Had the typical worker even earning a modest salary actually been able to save the moneys taxed from him to pay other people earning that $400k would have been easy even at modest interest rates, IE the interest rates that normally apply in a healthy economy.  Instead of course, the government took the surpluses paid in from people’s hard earned labor and replaced them with IOU’s

Which of course leads to the next problem.  The money has to  be paid back to keep Social Security solvent and the Treasury doesn’t have it. From the brochure:

Social Security can pay full benefits for nearly 25 years, provided the U. S. Treasury pays back the money It’s borrowed from Social Security.

With what money?  The Treasury is already broke and both running up deficits on a scale never seen in history and printing money like it’s going out of style.  The fact is that right now the government is spending just about very tax dollar  on the entitlements and debt service and the constitutional functions of government are being funded with borrowed money.

The fact is that Social Security and Medicare have been a drug on the economy since they were enacted.  They were soaking the seed corn that was needed for the future.  The money that was drawn from everybody’s wages was money that could have been saved and invested.  Instead that money was used to fund government extravagances and ever more payouts to people to not work.  All on the back of the ever suffering taxpayer.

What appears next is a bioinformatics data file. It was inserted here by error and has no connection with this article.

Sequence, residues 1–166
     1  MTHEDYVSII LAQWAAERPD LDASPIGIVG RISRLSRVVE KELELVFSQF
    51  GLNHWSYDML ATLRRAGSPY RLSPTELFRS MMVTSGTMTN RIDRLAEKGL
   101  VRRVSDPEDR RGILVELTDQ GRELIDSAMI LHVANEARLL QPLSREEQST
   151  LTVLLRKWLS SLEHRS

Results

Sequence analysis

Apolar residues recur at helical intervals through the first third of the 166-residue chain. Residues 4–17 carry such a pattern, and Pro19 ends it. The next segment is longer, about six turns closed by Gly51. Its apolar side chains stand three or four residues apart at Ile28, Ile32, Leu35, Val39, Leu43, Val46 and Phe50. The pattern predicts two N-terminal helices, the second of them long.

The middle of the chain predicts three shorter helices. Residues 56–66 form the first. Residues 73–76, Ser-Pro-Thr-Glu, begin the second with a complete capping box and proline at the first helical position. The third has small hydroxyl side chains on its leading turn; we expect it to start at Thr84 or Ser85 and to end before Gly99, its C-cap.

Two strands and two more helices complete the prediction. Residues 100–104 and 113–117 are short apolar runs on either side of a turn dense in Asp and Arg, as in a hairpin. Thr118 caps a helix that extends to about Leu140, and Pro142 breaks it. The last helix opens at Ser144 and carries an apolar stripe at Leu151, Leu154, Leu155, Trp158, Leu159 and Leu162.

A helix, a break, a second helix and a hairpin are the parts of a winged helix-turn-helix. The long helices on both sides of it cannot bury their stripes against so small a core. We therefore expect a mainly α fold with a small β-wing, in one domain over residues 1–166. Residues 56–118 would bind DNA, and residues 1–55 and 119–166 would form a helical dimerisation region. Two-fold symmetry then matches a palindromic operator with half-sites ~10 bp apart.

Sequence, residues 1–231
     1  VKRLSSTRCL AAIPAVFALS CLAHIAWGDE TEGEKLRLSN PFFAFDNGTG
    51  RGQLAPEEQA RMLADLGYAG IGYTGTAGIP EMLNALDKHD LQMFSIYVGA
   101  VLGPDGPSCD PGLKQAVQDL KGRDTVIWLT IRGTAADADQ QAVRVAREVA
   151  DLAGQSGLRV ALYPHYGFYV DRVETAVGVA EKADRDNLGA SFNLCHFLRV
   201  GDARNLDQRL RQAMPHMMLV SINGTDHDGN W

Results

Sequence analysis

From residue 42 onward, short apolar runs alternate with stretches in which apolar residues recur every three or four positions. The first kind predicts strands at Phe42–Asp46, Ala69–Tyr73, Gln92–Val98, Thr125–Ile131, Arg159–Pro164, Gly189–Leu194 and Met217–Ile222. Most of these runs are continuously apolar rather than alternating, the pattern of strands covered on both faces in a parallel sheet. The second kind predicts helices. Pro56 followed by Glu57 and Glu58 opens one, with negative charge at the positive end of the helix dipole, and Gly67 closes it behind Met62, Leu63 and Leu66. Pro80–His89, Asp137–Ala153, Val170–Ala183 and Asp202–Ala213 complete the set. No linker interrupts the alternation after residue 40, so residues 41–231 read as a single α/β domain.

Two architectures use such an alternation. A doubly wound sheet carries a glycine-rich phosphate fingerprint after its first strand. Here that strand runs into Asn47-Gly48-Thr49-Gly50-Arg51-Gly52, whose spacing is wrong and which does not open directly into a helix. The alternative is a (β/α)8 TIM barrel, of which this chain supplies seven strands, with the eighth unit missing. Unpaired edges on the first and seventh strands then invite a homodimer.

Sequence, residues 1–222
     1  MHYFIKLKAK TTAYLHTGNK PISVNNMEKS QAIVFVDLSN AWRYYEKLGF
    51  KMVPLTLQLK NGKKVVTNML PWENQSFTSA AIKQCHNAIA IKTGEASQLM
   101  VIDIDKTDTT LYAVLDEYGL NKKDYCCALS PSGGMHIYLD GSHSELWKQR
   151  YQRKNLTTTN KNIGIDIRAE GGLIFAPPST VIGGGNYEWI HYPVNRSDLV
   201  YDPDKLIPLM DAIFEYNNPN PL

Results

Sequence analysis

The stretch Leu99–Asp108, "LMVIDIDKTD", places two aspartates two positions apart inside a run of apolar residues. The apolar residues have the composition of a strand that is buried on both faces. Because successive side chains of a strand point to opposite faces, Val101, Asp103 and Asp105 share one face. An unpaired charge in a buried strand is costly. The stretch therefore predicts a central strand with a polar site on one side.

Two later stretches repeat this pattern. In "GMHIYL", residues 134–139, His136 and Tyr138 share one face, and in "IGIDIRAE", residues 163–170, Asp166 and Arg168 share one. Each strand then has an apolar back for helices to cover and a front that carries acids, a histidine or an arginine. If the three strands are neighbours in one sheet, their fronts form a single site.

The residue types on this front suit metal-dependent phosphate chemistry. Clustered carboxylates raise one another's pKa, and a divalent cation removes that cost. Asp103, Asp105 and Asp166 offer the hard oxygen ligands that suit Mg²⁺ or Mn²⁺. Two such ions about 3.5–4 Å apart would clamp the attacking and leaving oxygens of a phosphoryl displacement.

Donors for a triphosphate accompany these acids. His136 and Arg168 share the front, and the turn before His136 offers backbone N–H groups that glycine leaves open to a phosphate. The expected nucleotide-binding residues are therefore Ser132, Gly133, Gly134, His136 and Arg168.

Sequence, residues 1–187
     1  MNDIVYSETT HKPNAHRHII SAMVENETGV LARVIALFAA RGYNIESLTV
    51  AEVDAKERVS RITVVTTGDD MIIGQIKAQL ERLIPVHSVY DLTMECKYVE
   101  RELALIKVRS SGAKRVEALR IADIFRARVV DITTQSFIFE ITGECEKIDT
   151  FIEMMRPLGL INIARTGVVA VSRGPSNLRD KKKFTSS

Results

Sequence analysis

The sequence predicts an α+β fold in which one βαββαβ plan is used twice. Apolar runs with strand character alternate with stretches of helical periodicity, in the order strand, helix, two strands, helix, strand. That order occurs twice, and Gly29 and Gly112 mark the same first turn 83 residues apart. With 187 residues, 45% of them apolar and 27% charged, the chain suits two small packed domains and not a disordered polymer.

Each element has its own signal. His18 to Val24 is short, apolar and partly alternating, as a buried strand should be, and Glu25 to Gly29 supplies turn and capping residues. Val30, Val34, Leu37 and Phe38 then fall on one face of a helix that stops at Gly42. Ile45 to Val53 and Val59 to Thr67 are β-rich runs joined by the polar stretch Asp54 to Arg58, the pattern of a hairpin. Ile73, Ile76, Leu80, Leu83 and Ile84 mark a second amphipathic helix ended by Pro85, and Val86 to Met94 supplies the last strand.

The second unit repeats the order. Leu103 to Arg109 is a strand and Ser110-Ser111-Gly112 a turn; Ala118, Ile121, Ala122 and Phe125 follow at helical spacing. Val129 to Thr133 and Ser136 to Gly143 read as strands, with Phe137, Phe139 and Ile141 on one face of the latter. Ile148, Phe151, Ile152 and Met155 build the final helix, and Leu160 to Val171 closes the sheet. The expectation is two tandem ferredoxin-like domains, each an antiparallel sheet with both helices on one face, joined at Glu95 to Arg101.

In discussions about benefits it’s easy to forget who pays for them and where the money comes from. Yet that should be the first point of discussion.  When you have a program like Social Security that pays out benefits to people from taxing working people you are taxing their future.  The first benefit recipients from Social Security made out like the bandits that they were, but nobody paid much attention to the poor suffering taxpayers paying in. And in the beginning, like all pyramid schemes, that worked because the drug was masked by all those people paying in and there was all that surplus that the government could spend.

https://en.wikipedia.org/wiki/Ida_May_Fuller

For the first fifty years the system continued to “work” because the baby boom, the largest group of new people the country had ever seen were making huge payments into the system starting about 1965 or so. That wouldn’t continue and for a variety of reasons the baby boomers did not have as many kids as their parents.  Many people might think that was a good thing, but systems like Social Security absolutely rely on an increasing population to keep the system afloat.